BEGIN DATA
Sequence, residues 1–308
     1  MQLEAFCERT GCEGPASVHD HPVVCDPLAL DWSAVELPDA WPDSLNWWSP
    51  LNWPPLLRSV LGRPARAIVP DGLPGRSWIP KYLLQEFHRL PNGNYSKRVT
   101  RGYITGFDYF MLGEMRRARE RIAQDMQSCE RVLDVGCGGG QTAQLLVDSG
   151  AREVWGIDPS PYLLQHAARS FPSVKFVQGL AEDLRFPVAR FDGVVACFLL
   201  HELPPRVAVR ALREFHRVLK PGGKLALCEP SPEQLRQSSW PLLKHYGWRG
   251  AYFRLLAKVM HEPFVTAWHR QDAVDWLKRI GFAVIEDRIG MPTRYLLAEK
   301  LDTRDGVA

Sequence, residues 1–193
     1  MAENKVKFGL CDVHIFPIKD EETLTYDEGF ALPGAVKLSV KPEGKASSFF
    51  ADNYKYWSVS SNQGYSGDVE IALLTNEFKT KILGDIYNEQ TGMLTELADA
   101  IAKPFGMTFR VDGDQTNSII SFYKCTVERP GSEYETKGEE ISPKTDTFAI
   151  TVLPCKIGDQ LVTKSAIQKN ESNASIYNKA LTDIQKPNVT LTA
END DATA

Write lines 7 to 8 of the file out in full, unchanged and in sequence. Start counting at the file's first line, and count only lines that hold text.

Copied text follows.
   251  AYFRLLAKVM HEPFVTAWHR QDAVDWLKRI GFAVIEDRIG MPTRYLLAEK
   301  LDTRDGVA